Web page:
A RETIRED teacher who is fighting a land dispute in the High Court is urging others to seek ownership of ‘unloved’ open spaces.
Jonathan Adamson, 61, of Cemetery Road, Edgerton, has been in the High Court this week in a last-ditch attempt to safeguard Clayton Fields from development.
The hearing came after Clayton Fields Action Group saw a key decision go against them at the High Court in August, paving the way for site owners Paddico (267) Ltd to build 55 houses on the fields.
The land – which stretches from Halifax Road down to Birkby – was granted village green status in 1997, but this was successfully overturned on the technicality that the area was not one locality.
But Mr Adamson (pictured), who qualifies for legal aid, took on the case and is asking the Court of Appeal to overturn High Court judge Mr Justice Vos’s ruling that the land should never have been registered as a town green and thereby protected from development.
Mr Adamson told the Examiner: “Clayton Fields’ case has been heard this week after a similar appeal about a case in Weymouth.
“One of the issues in dispute is whether the area of the fields is a ‘locality’ because it sits in between Edgerton and Birkby.
“We have now established that the area was once listed as a parish of Holy Trinity Church but it is very late for this information to be introduced and it may not even be permitted to be introduced.”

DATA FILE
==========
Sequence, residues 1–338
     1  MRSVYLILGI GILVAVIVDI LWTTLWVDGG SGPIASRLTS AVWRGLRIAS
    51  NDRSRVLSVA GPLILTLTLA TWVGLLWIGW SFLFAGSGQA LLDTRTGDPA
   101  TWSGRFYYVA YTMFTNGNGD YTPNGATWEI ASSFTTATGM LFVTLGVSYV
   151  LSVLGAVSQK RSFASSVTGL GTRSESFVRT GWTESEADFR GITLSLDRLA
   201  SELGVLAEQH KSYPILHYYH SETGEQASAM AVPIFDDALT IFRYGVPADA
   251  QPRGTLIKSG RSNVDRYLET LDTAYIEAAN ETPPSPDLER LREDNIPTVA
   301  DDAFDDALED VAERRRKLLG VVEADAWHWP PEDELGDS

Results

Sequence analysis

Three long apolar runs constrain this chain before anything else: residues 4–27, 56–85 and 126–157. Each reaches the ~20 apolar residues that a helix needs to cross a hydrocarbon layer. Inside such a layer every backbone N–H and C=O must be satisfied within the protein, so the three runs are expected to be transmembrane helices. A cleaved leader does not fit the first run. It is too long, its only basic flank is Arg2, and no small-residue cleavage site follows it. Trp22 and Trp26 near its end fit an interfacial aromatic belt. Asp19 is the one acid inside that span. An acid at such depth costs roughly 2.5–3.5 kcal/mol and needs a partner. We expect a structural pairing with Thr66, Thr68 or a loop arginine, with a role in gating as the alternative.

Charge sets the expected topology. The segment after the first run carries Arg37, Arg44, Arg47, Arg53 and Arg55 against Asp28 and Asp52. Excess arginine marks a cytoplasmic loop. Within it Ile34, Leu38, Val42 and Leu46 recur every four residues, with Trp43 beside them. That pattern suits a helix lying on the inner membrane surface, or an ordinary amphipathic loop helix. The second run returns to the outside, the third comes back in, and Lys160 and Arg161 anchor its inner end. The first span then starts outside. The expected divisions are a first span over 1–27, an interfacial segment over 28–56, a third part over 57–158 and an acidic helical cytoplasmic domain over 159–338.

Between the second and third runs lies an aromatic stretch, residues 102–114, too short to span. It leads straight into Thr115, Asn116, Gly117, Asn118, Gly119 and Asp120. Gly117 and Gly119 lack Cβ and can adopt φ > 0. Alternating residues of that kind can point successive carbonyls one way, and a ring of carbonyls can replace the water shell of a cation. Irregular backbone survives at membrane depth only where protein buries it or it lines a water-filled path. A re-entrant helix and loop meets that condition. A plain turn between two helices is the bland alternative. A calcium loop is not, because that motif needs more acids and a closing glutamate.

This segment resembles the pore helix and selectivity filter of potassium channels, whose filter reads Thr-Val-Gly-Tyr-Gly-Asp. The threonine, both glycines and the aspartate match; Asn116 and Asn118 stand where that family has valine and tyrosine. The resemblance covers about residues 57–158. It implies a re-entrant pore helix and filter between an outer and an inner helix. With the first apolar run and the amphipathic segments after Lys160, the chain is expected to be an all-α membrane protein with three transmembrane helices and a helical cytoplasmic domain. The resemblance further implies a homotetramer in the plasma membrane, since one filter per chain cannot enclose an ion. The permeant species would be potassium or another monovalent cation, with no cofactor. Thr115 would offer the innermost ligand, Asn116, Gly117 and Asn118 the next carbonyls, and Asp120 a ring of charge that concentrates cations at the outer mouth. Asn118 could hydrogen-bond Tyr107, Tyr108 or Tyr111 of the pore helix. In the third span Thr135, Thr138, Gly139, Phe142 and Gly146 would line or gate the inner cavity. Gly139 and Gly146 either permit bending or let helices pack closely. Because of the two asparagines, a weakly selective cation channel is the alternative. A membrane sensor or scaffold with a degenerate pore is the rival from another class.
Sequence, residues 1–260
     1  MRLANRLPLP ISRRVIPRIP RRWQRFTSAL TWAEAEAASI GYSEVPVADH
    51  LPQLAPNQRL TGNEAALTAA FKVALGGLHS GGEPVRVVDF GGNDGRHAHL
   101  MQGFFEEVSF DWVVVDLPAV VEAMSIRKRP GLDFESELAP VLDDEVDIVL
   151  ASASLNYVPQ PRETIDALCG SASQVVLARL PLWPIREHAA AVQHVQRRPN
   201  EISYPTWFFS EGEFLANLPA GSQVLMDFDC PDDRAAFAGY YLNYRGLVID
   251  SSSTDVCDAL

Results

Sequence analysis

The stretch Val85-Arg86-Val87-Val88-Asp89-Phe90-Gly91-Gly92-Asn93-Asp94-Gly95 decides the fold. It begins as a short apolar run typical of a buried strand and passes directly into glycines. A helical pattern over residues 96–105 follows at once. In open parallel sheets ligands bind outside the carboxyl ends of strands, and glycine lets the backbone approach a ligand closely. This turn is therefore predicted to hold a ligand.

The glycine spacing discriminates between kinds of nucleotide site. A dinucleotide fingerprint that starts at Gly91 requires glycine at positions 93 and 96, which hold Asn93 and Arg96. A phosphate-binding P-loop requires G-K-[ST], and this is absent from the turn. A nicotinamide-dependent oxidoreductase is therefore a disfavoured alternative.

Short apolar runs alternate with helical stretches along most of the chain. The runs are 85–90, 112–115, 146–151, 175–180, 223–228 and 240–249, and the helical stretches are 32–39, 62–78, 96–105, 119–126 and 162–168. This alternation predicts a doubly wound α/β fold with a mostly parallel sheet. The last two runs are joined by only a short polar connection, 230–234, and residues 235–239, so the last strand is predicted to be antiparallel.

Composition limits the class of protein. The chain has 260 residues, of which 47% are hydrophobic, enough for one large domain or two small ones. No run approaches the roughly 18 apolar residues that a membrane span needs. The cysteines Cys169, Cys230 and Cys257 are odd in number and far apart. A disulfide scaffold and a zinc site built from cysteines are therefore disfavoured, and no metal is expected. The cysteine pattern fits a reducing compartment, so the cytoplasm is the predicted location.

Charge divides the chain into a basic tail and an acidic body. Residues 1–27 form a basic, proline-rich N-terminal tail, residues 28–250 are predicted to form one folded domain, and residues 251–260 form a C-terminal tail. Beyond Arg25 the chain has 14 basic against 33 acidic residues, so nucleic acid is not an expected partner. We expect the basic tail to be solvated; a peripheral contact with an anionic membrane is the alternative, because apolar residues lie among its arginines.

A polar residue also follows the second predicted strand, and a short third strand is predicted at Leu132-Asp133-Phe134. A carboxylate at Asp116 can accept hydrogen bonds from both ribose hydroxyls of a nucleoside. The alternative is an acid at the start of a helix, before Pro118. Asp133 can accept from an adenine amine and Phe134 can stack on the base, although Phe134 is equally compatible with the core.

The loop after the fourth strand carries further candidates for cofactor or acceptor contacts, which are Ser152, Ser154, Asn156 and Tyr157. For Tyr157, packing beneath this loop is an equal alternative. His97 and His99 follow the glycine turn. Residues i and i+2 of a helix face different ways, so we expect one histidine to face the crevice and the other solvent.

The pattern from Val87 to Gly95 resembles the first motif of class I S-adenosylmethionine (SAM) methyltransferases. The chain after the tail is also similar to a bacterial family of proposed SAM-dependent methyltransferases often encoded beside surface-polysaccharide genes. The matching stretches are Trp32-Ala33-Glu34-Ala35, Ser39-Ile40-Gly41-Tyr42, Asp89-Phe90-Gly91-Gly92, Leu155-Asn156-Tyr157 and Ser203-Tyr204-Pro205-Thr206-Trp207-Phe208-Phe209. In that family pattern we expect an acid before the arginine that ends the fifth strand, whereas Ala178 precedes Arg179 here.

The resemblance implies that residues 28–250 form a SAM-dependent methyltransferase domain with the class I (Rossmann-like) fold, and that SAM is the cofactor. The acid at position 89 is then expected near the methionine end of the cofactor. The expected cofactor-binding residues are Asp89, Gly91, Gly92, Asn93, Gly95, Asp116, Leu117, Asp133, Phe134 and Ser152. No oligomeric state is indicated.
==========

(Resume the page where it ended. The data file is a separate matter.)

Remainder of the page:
Mr Adamson, who taught art history at Camberwell College of Arts, London, for many years, said he hoped Clayton Fields could stay in public use because it such a valuable community space. He added: “It seems there are a lot of spaces like Clayton Fields in Huddersfield. I have been working with other groups and a special forestry officer and there is scope for others to take on a custodian role of open spaces.
“The Clayton Fields Action Group is a very fine example of that.
“While they were campaigning although I wasn’t involved, I watched from afar.”
He said Highfields playing fields, Greenhead College boundary, and Cemetery Road were all areas where work has been carried out to plant fruit trees and improve the ‘unloved’ areas of land.
Earlier, Bill Magee, chairman of the Clayton Fields Action Group, and fellow member David Bowen, fought a five-day High Court case against Paddico (267) Ltd.
The land was owned until 2005 by George H Haigh Builders, who tried unsuccessfully to develop the land over several decades.
A decision on the land at Clayton Fields is expected to be at least six weeks after the hearing.